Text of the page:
Blog Archives

Garston School wins 3rd prize in Suffragette Competition

Richard Harrington MP recently invited schools to an art competition to commemorate 100 years since the Representation of the People Act 1918.  Mr Harrington said “The Representation of the People Act 1918 was a vital step towards the rights women have today, and the centenary of that Act is an important opportunity for us to reflect on our progress.  That we’ve seen two female Prime Ministers shows just how far we’ve come.”

Stanborough Secondary School pupils were moved by the realisation that the struggle for equality still has some way to go and duly accepted his invitation to create an art piece.  One of our year 9 pupils, Stephanie, won 3rd place.  Mr Harrington is seen here with Stephanie’s art piece in his right hand.  Stephanie received a bundle of gifts from Mr Harrington including a certificate of completion from the House of Commons.

Runners up were celebrated with a special assembly: 1st prize an £80 art set for Stephanie, 2nd prize,  £50 set for Nusaiba and 3rd prize, £30 set awarded to Evie.  12 additional pupils received consolation prizes for their effort, they were Kristiyan, Rohan, Marlon, Clyde, Carlos, Nyasha, Thea, Mikaela, Sarah-Jane, Melissa, Ethel and Leah.    


Up For Marine Engineering?

I have never thought about being an engineer before, so I was not particularly excited about this workshop. I like to study maths and physics, but engineering wasn’t an option that I considered until the Marine Engineering Workshop that Stanborough School organised for us.  A friendly marine engineer came to deliver the workshop and it was an interesting experience for me: it opened my eyes to a number of careers in Science, Engineering and Technology.

In the first part of the workshop, the instructor explained to us what marine engineering is, what marine engineers do and what this profession aims for. I was amazed at the fascinating things that marine engineers build; being a marine engineer means more than simply building boats and submarines. It is building whatever needs to be built in a creative and innovative way.

In the second part, we had a practical activity and a competition. The class was divided in groups of three and our task was to build a boat with thick paper and some wires. We would then put all the boats in water, filling them with some marble balls. Finally, the boat that could hold the maximum number of balls without sinking, would win. In the end, it was harder than we thought. Building a little paper boat is difficult enough; this made me realise that to build a real boat is not an easy job.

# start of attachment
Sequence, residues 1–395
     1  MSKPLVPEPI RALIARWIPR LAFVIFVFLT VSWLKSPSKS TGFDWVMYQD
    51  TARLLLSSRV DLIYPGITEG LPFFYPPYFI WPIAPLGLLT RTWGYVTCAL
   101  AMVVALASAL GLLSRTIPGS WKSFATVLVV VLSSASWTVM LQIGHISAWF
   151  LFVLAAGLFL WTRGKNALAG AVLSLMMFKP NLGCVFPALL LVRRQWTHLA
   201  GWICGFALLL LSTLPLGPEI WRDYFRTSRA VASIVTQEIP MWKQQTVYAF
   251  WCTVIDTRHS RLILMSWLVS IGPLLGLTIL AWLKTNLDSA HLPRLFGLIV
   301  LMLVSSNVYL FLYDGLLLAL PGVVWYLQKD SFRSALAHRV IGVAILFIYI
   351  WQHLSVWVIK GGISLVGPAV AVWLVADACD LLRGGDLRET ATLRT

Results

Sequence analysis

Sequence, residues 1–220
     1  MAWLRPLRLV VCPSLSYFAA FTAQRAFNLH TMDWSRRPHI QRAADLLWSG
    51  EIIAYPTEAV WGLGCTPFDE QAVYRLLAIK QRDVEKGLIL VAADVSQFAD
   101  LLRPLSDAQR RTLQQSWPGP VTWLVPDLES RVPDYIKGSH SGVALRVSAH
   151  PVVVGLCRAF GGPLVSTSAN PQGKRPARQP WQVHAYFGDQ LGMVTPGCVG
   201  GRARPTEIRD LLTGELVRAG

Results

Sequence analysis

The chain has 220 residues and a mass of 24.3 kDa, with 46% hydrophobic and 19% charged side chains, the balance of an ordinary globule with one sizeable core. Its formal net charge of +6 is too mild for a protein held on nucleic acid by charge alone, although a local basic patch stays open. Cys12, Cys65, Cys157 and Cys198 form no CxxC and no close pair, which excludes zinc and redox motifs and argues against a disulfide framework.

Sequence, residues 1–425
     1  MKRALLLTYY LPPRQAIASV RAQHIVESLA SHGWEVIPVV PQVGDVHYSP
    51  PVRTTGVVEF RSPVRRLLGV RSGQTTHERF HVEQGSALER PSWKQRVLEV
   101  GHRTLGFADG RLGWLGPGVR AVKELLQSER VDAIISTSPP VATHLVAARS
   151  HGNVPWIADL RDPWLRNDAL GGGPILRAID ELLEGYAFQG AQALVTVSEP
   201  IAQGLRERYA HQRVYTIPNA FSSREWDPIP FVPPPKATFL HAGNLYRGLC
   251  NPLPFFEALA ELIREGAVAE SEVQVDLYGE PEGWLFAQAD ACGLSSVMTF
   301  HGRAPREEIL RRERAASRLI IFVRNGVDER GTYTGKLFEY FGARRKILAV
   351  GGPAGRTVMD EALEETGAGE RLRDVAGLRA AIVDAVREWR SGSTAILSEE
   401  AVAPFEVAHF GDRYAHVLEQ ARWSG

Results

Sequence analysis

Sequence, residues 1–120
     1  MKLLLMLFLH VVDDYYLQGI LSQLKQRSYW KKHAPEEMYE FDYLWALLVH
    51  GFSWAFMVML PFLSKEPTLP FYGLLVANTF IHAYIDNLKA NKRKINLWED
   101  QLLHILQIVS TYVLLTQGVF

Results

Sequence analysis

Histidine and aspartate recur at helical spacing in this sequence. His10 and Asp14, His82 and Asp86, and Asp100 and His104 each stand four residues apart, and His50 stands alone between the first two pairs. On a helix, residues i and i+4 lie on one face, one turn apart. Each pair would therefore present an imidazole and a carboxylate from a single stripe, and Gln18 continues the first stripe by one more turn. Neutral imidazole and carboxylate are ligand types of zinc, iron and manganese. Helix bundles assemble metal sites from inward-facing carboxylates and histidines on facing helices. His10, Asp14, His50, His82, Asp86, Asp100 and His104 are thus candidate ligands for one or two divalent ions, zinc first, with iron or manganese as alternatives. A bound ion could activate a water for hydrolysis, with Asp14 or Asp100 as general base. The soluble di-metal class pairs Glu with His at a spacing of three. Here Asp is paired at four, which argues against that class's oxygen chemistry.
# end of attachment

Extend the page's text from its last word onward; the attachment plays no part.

By the end of the workshop, engineering was becoming a very viable and attractive career option. While I might not necessarily opt for marine engineering, other areas of this profession are definitely worth exploring. What intrigued me most about engineering is how it has comprises maths and physics principles, along with creativity and originality.

Text by Lisia

How Do You Know Summer Is Knocking?

How do you know summer is knocking? Simple: it starts knocking straight after Stanborough’s Arts Festival! And this year has been no different. Arts Festival was an evening to dazzle: instrumental and vocal music, poetry, drama, drums, dancing and even a wedding. That’s right, Mr Hopa finally shared with the school the truth about how he chose a wife some years ago. Whether you were there or missed the night, enjoy the highlights.


Text by Mrs Milis-Hopa
Video by Mr Zapotichny

Garston students return from India teaching trip

Five teenagers from a Garston secondary school spent two weeks in India in February on a character-building trip teaching children in a school attached to an orphanage.

Pupils from Stanborough Secondary School have been involved in annual trips to India for the past twenty years since recently-retired science teacher Kish Poddar took a group of 14 students to a small orphanage in Thally in Tamil Nadu to build a chicken shed to help the orphanage become more self-sufficient. The second project undertaken the following year was to paint the newly constructed boys dormitory, sponsored by the UK based Charity STOP International for the same orphanage.

For the next seven years the annual trips involved helping with basic construction work and decorating in various orphanages in Tamil Nadu state as part of the students’ coursework for the International Baccalaureate examination although one year they acted as volunteers at an eye camp in northern India. After this it was decided to give the Year 10 students the opportunity to help underprivileged youngsters in the children’s homes.